State tries to show health reforms
State health officials say they were stunned by a threatened federal takeover of Hawaii's mental health system.
They feel they've made significant improvements in the system since the U.S. Justice Department filed a lawsuit in 1991 alleging unconstitutional treatment of Hawaii's mentally ill.
"We obviously have to do a better job articulating what we are doing so the court can see it and understand it," said state Health Director Chiyome Fukino.
U.S. District Judge David Ezra at a hearing Thursday gave the state until April 30 to make substantial progress in providing mental health services.
"We see backsliding on all fronts. We see a lack of dedication to getting the job done by some, and we have that specter of substantial sanctions by the court as a result," Ezra said.
Michelle Hill, deputy director for behavioral health administration, responded Friday by saying, "at this time, we don't know what that means."
Ezra instructed attorneys for the state and U.S. Department of Justice to meet and agree on what needs to be accomplished by April 30.
Dr. Thomas Hester, chief of the Adult Mental Health Division, said he was encouraged by discussions with Justice Department attorneys Friday.
"We will be working quickly with the court and DOJ to come to agreement on particular benchmarks," he said.
Activities will be documented to demonstrate that the Health Department is making "reasonable best effort" to achieve the benchmarks under a plan for community mental health services, he said.
Justice Department attorneys asked Ezra to impose sanctions on the Adult Mental Health Division, arguing that the state has failed to use "reasonable best efforts" to do what it said it would do.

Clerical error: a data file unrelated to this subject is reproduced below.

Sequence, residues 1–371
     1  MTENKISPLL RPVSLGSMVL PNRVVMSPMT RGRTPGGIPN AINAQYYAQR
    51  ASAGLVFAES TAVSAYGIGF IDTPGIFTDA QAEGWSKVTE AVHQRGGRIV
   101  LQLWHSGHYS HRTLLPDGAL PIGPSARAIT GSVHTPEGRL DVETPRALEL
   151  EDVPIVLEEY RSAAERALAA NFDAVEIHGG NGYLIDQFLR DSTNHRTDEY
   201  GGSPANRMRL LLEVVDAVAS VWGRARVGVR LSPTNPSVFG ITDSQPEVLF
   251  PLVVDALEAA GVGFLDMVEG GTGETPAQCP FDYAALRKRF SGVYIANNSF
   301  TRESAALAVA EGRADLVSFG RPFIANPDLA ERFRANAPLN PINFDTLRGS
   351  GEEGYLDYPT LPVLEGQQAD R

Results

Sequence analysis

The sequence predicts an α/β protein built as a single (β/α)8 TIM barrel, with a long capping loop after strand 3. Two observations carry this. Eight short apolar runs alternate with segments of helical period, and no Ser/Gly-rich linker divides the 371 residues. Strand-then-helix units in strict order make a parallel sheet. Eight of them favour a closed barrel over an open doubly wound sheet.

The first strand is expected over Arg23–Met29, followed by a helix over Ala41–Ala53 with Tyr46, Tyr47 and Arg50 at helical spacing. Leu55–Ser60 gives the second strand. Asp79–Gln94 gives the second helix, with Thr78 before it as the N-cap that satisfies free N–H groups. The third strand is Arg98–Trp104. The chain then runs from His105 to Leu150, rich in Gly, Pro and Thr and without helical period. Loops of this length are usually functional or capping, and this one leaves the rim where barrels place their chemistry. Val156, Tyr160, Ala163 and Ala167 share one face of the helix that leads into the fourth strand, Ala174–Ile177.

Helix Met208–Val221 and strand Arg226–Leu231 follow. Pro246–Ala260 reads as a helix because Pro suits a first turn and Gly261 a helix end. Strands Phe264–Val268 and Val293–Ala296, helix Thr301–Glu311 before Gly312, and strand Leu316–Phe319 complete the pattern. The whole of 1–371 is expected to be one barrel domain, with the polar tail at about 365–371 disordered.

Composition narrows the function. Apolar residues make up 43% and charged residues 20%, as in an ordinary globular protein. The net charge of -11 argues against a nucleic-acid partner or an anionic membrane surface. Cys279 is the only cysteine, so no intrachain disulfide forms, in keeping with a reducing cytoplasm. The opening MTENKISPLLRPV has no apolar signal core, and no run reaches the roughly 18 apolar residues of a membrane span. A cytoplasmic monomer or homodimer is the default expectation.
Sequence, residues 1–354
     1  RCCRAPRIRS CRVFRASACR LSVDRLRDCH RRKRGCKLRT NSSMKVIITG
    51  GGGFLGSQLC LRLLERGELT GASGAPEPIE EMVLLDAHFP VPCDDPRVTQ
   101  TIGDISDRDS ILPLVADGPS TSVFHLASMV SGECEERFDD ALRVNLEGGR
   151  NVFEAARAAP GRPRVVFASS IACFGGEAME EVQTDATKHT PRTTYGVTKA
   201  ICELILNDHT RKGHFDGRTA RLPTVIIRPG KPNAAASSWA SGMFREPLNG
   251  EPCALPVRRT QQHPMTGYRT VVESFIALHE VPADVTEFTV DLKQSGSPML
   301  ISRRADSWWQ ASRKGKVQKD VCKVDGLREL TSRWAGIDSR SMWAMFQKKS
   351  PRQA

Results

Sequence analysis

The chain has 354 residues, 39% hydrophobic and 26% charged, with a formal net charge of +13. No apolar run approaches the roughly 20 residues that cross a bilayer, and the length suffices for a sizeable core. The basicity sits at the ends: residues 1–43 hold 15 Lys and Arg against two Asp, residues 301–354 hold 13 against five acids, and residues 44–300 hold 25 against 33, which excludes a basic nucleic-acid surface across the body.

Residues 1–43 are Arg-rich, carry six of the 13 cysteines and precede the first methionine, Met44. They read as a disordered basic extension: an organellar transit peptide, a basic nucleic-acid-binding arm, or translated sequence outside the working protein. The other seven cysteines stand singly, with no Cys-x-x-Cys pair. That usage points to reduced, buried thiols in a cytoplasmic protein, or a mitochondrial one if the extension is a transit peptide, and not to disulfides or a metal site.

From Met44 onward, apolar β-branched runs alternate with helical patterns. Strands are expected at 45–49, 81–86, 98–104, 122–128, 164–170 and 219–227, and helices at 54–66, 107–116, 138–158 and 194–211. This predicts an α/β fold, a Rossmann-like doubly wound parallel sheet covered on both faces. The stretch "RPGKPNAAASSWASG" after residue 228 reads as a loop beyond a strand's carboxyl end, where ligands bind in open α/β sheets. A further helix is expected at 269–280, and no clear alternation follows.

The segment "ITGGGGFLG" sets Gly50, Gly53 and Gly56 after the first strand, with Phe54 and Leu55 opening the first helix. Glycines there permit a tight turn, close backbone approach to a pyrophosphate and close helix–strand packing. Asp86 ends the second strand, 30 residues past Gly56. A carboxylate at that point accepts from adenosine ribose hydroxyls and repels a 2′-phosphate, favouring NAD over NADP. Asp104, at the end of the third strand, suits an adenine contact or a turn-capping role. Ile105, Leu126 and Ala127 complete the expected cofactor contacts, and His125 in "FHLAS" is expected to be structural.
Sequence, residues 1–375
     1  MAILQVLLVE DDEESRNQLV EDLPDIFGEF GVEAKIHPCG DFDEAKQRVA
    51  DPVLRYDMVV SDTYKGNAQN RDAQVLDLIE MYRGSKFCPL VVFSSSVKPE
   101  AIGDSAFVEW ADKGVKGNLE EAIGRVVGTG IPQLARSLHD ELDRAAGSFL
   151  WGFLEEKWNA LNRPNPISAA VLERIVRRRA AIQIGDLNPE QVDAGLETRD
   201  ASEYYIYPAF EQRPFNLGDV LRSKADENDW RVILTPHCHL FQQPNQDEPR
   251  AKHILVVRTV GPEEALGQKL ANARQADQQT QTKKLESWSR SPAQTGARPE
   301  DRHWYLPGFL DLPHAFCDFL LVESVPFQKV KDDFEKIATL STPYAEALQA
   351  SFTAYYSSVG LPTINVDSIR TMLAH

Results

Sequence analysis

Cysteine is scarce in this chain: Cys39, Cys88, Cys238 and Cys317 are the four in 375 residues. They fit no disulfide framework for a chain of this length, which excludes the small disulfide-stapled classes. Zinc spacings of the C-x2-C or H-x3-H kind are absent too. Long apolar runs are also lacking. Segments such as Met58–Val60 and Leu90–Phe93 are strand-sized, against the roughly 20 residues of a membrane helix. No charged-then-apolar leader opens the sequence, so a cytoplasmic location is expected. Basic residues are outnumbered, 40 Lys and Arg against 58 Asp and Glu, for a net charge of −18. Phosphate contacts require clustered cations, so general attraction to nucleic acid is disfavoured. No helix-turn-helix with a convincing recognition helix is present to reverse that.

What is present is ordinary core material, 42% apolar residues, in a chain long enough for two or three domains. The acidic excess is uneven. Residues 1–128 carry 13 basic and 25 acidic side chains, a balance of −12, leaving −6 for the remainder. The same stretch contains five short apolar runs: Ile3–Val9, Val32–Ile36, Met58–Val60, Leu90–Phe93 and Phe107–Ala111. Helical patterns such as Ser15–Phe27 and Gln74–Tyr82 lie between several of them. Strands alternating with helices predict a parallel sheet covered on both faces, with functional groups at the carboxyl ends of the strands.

Fukino said the problem of suicides of people with mental illness, raised by U.S. Magistrate Kevin Chang last year, was brought up again but the Health Department has "aggressively addressed" that issue. "We don't know why those activities are not recognized," she said.
The Justice Department request for sanctions was based on a critical status report submitted to the court Feb. 10 by Chang, appointed by Ezra as special master in the case.
Chang expressed concern about Hawaii State Hospital's rising, overcrowded population and the mental health system's lack of forensic services.
The hospital was released from federal oversight in December 2004 but the court still oversees community planning for mental health services.
The state last year was given a year's extension, until June 30, to complete the community plan. But federal and state officials agreed planning could continue until Nov. 30 if necessary.
Hester said Justice Department attorneys said they were responding to Chang's use of the word "egregious" in describing deficiencies in state efforts to develop community mental health services. "They felt they had no choice but to request sanctions from a legal standpoint."
Hester said more documentation is needed to inform the court and evaluators of accomplishments in improving the system.
Organization of the Adult Mental Health Division was one of three major issues and it has been completed, he said.
Others are the hospital population and development of forensic services, he said.
The hospital population, which had been running over 190, has been reduced to about 183, he said. The facility is licensed for 190 but budgeted for 168 patients.